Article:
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3. Diskless with "Live Linux CDROM"

The "Live Linux CDROM" is a CDROM which has the entire Linux Operating System filesystem on the CDROM. It is made by copying the live Linux system on to CDROM. The "Live Linux CDROM" directly boots the Linux operating system from the CDROM drive. But you need to setup the BIOS to first boot from CDROM. Generally the boot order is : Floppy Drive, Hard disk, CDROM. You can enter BIOS setup, by powering on the computer and presssing the DEL key.

Get the "Live Linux CDROM" from

Diskless workstation with "Live Linux CDROM" is becoming a reality because of the following reasons:

  1. RAM prices are all time low and 512MB RAM costs only US$70.
  2. CDROM drives are becoming extremely fast and current read speed is topping at 72X.
  3. CDROM IDE drives are very cheap, CDROM with 52X read speed is costing only US$33.
  4. DVD-ROM is also getting very cheap and can carry 5 Gigabyte of Linux software and is three times faster than CDROM drive.

A big advantage of Live Linux CDROM over other methods of diskless operations like EEPROM is that it is very easy to setup and you can very easily upgrade the Linux CDROM with new versions of the Linux kernel every three months. Simply throw away the old Live Linux CDROM and pop-in the new version Live Linux CDROM. Upgrade is just 20 seconds and the cost of Linux CDROM is 30 cents (less than a US dollar!). In near future, Live Linux CDROM + DVD-ROM will rule the computer desktops.

FIVE SECONDS UPGRADE: Live Linux CDROM promotes RAPID Operating Sytem UPGRADE. You can upgrade an OS in less than 5 seconds!! Live Linux CDROM introduces the concept of mass upgrade and RAPID ACTION. Simply throw away the old Live Linux CDROM and pop in new CDROM and you are done upgrading!

With Live Linux CDROM, you do not need a hard-disk, floppy drives and others. All you need to build a diskless workstation is :

  1. Live Linux CDROM
  2. CPU
  3. Mother board
  4. NIC (Network Interface Card)
  5. CDROM drive (IDE or SCSI)
  6. RAM (32 MB minimum for full graphics and 16 MB minimum for console mode)

For best prices on RAM and CDROM IDE drives check auctions in online stores like Egghead or local stores in your city like UBM, Houston.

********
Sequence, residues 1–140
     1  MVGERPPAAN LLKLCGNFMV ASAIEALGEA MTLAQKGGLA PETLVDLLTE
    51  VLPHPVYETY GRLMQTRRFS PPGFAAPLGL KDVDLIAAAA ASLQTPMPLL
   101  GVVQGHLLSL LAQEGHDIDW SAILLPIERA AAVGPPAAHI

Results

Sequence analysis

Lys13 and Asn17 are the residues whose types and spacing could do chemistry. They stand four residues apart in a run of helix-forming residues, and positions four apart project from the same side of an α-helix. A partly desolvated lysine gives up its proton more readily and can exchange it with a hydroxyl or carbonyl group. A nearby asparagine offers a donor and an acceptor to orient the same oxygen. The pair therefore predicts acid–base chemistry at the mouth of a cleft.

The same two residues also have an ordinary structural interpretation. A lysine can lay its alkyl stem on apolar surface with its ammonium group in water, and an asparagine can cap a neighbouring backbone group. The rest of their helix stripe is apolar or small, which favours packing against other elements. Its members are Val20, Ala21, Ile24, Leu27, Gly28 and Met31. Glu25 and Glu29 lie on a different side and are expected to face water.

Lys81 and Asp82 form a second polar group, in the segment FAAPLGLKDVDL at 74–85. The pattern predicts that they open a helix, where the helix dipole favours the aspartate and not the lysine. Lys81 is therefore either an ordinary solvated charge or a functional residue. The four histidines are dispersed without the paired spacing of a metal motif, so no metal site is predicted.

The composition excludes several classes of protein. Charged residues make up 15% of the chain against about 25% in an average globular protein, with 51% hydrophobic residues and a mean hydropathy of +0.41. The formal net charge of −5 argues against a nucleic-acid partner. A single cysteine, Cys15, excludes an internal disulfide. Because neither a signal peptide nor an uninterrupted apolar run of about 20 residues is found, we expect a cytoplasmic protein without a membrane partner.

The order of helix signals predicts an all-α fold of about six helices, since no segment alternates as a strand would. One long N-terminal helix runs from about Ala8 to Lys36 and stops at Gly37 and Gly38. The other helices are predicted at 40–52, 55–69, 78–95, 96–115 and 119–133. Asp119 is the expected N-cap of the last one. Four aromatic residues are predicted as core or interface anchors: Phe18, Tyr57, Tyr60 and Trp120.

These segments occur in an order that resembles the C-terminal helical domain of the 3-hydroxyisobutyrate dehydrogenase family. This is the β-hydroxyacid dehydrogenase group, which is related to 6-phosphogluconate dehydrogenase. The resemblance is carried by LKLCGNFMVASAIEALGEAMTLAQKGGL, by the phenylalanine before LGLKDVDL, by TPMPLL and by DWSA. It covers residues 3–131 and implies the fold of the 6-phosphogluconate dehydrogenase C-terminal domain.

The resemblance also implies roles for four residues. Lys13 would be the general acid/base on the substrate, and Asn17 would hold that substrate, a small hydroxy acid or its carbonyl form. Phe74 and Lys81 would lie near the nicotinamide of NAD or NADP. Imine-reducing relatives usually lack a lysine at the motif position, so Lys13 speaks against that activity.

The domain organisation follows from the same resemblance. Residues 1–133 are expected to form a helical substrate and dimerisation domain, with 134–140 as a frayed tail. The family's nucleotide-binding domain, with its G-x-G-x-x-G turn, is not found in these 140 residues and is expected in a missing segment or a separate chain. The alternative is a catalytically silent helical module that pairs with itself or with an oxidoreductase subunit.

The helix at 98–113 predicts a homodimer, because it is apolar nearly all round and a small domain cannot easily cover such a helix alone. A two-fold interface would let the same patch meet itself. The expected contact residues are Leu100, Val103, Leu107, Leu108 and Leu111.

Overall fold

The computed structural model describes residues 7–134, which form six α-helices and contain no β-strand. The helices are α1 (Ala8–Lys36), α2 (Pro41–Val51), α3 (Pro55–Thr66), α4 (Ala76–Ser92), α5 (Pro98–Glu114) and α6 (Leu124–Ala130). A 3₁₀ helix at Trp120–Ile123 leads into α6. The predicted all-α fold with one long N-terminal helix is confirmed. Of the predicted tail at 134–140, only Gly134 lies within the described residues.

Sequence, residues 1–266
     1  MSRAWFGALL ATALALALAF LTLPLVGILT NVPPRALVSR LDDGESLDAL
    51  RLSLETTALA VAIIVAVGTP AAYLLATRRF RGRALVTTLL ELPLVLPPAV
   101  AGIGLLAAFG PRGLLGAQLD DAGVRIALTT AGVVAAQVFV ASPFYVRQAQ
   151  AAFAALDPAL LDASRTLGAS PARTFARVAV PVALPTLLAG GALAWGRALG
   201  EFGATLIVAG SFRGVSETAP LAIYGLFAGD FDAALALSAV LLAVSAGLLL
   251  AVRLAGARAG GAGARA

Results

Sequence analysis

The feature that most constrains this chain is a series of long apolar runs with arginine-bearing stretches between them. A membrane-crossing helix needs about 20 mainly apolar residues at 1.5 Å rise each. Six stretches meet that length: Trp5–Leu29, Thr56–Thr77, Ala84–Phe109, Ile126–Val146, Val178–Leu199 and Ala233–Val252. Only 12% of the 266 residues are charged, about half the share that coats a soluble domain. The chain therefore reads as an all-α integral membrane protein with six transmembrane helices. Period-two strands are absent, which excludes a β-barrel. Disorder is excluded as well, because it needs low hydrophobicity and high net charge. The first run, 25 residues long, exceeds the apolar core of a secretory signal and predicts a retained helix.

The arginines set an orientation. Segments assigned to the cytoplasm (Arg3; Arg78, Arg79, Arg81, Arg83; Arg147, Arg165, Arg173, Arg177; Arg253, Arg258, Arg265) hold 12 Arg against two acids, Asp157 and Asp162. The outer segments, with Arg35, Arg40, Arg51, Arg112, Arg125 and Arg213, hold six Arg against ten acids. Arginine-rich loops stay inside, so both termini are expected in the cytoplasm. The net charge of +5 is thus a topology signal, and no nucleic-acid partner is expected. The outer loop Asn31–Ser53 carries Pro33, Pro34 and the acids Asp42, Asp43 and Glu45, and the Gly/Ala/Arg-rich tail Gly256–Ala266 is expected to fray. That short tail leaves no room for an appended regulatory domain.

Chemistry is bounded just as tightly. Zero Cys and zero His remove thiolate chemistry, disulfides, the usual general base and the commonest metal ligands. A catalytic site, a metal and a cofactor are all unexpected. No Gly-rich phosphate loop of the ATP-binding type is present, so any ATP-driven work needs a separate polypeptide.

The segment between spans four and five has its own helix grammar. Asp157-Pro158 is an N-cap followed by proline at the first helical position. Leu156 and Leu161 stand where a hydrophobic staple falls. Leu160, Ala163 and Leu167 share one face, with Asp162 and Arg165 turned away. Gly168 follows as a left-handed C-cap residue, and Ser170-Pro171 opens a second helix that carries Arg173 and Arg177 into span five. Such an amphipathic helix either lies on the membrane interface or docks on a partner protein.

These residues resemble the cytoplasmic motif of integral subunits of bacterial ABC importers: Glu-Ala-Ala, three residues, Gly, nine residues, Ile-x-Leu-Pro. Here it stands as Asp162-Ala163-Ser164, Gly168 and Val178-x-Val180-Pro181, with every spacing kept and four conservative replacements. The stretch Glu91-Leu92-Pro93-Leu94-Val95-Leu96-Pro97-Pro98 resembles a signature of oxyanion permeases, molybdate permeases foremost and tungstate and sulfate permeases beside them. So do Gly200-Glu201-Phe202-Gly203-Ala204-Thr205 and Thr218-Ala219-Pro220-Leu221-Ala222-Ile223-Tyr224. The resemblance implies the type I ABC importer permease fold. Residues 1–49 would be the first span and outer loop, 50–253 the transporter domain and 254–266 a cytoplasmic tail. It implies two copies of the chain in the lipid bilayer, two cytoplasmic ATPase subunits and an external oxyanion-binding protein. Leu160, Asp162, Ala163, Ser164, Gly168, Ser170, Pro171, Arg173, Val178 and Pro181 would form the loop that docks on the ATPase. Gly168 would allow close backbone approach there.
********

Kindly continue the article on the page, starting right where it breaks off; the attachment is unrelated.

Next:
After you boot "Live Linux CDROM", you can mount the hard disk partitions from remote Linux servers. And you can use VNC to access MS Windows 2000 and Linux servers. Or you can use WinConnect to access MS Windows applications like MS Office, Outlook etc. But WinConnect needs MS Windows XP/2000/NT server.

To evaluate the CDROM/DVD drives use the following software from This site also gives the speed comparison of drives from different vendors. The top speed CDROM drive is from Kenwood at at 72x speed.

3.1 Build a Live Linux CDROM

You can build your own Live Linux CDROM and customize the kernel, hardware support, loadable module support etc.

This section was originally written by Hans de Goede for the Diskless-root-NFS-HOWTO. I modified it slightly in order to reflect some differences between this document and the Diskless-root-NFS-HOWTO.

Much of the above also goes for booting from cdrom. Why would one want to boot a machine from cdrom? Booting from cdrom is interesting everywhere one wants to run a very specific application, like a kiosk, a library database program or an internet cafe, and one doesn't have a network or a server to use a root over nfs setup.

Creating a test setup

Now that we know what we want to do and how, it's time to create a test setup:

Creating the CD

If you need more information than you can find below, please refer to the CD-Writing-HOWTO.

Creating a boot image

First of all, boot into the working partition. To create a bootable cd we'll need an image of a bootable floppy. Just dd-ing a zImage doesn't work since the loader at the beginning of the zimage doesn't seem to like the fake floppydrive a bootable cd creates. So we'll use syslinux instead.

Creating the iso image

Now that we have the boot image and an install that can boot from a readonly mount it's time to create an iso image of the cd:

Verifying the iso image

Writing the actual CD

Assuming that you've got cdrecord installed and configured for your cd-writer type:

             # cdrecord -v speed=<desired writing speed> dev=<path to your writers generic scsi device> boot.iso

Boot the cd and test it

Well the title of this paragraph says it all;)

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